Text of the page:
Shortly after 9:45 a.m., a school resource officer advised Facilities Associate Principal, John Contreras, of the incident at Timberview and began implementing lockout procedures at Legacy as details of the shooting developed. A few minutes later, Mr. Contreras made the initial lockout announcement to students and staff. 

“I felt emotional about it, but knew that I had trained for this for years,” Mr. Contreras said, “I knew exactly what to do. I was calm, collected and focused on getting the kids and the teachers into a lockout.”

“I felt emotional about it, but knew that I had trained for this for years,” Mr. Contreras said, “I knew exactly what to do. I was calm, collected and focused on getting the kids and the teachers into a lockout.

— Facilities Associate Principal, John Contreras

 

Mr. Contreras announced the lockout on the intercom and stressed “this is not a drill.” Senior Madeleine Gilbert sat in Aquatics with Coach Chad Redwine when the announcement came on. 

“I looked around to see if anyone shared my initial reactions. It felt like a movie I never thought I’d be cast in,” Gilbert said.

While students focused on keeping each other comfortable and safe, administrators created a plan for students to eat lunch as efficiently and safely as possible. 

“I wanted to do an elementary style [lunch] where teachers walk you and bring you back because I didn’t want people trying to bolt out of the building or let people in the building,” Dr. Butler said. “When students are here, I’m going to protect you. I’m going to go to the highest degree of protection. It may be overprotective, but I’d rather do that than underreact.”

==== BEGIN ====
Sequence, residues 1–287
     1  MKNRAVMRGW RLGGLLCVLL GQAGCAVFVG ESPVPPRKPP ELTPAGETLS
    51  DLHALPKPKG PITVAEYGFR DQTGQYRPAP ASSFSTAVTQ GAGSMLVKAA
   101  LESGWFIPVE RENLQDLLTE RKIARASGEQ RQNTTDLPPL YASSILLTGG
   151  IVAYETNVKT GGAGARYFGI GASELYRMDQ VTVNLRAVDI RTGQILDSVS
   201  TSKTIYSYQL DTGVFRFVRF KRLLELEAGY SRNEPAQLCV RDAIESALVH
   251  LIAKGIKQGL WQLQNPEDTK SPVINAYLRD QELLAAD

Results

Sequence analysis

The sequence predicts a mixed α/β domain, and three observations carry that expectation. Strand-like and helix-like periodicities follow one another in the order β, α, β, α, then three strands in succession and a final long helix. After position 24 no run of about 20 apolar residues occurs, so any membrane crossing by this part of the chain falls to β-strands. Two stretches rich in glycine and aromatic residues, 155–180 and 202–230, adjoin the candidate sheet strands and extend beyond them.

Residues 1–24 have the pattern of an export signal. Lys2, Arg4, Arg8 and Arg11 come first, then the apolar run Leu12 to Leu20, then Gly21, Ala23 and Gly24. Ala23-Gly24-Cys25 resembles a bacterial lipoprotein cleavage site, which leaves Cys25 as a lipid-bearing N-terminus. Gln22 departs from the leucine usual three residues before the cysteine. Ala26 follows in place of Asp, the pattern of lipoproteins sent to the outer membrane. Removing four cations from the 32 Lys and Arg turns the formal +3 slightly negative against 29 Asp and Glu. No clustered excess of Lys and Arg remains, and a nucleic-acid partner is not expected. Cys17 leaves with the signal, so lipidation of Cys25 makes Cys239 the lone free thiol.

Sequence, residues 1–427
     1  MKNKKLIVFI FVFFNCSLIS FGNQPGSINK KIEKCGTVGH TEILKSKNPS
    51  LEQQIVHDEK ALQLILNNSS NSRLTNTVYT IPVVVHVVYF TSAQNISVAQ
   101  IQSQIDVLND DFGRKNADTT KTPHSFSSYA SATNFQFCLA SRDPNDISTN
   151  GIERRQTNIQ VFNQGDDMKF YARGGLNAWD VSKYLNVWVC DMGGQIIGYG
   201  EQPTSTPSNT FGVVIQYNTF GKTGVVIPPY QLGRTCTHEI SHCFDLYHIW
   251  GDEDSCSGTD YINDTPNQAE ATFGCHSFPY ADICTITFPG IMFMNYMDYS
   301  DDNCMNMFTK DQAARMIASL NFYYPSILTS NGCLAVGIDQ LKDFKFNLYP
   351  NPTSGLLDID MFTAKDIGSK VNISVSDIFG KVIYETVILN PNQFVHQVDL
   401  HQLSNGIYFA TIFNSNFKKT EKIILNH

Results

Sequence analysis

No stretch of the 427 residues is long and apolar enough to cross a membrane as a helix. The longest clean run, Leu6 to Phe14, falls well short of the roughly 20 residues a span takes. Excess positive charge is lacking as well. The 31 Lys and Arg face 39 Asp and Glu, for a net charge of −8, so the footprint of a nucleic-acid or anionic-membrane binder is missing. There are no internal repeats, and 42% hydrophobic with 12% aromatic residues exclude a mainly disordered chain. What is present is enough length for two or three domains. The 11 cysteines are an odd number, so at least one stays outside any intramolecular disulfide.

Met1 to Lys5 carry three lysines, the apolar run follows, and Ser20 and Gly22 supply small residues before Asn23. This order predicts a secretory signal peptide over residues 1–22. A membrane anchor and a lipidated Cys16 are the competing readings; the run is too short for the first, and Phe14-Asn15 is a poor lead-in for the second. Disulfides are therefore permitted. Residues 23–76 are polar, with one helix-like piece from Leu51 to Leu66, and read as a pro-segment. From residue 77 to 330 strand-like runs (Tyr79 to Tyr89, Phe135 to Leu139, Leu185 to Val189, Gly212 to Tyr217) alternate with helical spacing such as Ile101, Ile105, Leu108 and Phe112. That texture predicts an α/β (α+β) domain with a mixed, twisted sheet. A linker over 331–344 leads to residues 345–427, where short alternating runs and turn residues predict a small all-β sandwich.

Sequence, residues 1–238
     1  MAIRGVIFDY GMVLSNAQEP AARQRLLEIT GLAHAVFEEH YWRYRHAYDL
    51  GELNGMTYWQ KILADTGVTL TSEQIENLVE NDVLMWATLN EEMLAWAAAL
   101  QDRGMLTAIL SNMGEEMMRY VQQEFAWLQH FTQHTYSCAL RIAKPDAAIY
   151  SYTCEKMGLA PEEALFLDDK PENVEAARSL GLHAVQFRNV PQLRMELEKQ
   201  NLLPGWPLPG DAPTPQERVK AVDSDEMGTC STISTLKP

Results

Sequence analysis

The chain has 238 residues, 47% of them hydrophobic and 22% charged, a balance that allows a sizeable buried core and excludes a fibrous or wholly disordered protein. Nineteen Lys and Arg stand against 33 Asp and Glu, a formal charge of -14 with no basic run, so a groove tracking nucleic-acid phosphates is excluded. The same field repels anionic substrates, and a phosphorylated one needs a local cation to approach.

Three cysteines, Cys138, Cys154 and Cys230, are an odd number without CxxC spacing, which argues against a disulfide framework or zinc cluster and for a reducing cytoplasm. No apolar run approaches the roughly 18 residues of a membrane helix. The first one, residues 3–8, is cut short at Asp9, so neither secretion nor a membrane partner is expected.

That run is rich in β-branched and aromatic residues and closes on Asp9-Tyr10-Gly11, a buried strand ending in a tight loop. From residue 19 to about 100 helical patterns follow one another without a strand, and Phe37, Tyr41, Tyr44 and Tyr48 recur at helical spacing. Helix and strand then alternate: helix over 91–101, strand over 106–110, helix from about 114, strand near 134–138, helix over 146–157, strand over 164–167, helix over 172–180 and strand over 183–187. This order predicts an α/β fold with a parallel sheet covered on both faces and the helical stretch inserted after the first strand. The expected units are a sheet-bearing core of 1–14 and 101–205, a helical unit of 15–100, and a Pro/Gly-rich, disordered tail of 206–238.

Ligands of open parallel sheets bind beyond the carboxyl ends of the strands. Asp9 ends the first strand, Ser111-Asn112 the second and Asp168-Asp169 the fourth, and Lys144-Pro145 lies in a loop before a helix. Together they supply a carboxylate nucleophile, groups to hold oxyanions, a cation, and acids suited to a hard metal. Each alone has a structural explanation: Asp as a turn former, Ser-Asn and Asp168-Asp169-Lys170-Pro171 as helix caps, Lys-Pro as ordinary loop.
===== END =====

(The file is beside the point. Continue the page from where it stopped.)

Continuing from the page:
During the lockout, parents expressed concern on social media about Legacy’s communication to parents. 

“This all happened so fast. We were utilizing all of our staff,” Mr. Contreras said. “None of us were just sitting behind a computer working. We were all focused on lockout procedures.”

Parents, concerned about their child’s safety at school, look to review current safety policies and procedures for Mansfield ISD. Dr. Butler asks students in the meantime to stay diligent in keeping doors locked, not allowing adults or students into the building unless through the proper front entry and report anything suspicious to Crime Stoppers

In a district update, Dr. Kimberly Cantu, Mansfield ISD Superintendent, said the safety and security of students and staff is a top priority.

“What happened can only be described as devastating, and we are providing the support needed in order for students, staff and families to process it in a healthy manner,” Dr. Cantu said.